The White House confirmed plans to launch a cybersecurity consumer labeling program for Internet of Things devices by the spring of 2023, following a Wednesday summit with some of the nation’s top device makers, retailers and industry associations.
Biden administration officials plan to implement a voluntary Energy Star-type labeling system that would give consumers information on a range of internet-connected smart devices that pose potential risks of being hacked.
“A labeling program to secure such devices would provide American consumers with the peace of mind that the technology being brought into their homes is safe, and incentivize manufacturers to meet higher cybersecurity standards and retailers to market secure devices,” National Security Council spokesperson Adrienne Watson said in an official White House statement.
The program is part of a wider effort by the Biden administration to boost government and private sector cybersecurity standards in order to avoid disruptive attacks like the 2020 SolarWinds nation state campaign and the 2021 ransomware attack against Colonial Pipeline.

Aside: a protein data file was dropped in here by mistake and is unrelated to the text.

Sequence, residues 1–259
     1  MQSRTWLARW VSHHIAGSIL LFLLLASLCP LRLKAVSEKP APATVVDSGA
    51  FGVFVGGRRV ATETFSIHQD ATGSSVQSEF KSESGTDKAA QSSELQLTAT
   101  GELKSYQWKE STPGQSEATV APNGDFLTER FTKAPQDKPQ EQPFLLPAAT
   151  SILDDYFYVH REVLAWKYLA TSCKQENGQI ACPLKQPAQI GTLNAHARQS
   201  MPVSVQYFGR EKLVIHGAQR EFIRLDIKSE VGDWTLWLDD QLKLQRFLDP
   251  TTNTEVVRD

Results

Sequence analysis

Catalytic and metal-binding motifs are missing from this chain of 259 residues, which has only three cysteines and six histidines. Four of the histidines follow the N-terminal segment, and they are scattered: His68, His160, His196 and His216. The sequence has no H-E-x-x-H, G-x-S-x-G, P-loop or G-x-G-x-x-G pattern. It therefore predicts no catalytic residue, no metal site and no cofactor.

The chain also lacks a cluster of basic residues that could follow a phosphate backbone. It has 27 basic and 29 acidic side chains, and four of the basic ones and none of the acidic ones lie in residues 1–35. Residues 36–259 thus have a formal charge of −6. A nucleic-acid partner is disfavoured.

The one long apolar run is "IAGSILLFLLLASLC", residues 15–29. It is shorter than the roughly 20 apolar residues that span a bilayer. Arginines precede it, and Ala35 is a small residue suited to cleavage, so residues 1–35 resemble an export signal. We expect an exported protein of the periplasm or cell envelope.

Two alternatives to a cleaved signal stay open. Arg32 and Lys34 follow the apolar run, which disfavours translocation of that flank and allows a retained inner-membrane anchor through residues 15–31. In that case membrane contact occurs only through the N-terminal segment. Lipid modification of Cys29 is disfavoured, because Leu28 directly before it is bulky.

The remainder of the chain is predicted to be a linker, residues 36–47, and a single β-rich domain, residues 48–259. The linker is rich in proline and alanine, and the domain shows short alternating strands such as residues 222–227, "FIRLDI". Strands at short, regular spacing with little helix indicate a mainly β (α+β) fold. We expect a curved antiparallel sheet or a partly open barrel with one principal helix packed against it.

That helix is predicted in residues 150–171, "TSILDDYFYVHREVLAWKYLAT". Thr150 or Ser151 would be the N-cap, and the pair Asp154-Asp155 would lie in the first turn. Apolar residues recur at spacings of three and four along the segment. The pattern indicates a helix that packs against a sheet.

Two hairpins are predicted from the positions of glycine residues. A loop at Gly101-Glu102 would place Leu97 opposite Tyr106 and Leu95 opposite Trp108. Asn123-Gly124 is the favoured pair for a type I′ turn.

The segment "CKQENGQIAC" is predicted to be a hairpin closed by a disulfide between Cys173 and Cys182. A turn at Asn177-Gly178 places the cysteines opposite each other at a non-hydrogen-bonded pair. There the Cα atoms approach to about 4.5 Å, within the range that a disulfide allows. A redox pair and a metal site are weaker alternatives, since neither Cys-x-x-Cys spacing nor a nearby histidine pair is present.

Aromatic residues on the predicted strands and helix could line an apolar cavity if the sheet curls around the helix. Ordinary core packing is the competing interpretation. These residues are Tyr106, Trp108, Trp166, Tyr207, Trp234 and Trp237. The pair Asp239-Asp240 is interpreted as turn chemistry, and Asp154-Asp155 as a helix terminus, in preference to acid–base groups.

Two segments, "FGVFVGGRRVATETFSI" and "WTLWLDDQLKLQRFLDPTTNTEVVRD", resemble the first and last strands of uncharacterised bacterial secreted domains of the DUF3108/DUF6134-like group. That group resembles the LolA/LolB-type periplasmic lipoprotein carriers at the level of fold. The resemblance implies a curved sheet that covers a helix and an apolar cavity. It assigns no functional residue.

The White House previously disclosed plans to launch the program by rating home routers and cameras, which expanded plans to add additional devices.
Connected IoT devices are used by millions of consumers, ranging from home routers to baby monitors, smart-home controllers for security and lights and smart televisions. Consumers largely know nothing about the security of the devices they purchase, and the labeling system is seen as a way to create encourage security to be flagged before they are sold on the open market.
Google expressed support for the effort to raise security standards across the IoT industry, saying such a move would drive awareness among consumers to the security of connected devices, in a blog post.
Google noted steps it had previously taken to boost the security of its Nest and Pixel devices, and is now extending the program to its Fitbit connected watch brand.
Officials from the Carnegie Mellon CyLab Security and Privacy Institute presented research findings at the White House meeting that showed consumers were willing to pay a premium for connected devices when they were informed about the security and privacy implications of their purchasing decisions.
Some of remaining questions will center around whether manufacturers would be able to self certify or require a third party and whether labels should incorporate more data privacy measures, according to the R Street Institute.
Correction: In a previous version of this article, the year of the nation state campaign against SolarWinds was misidentified. It was in 2020.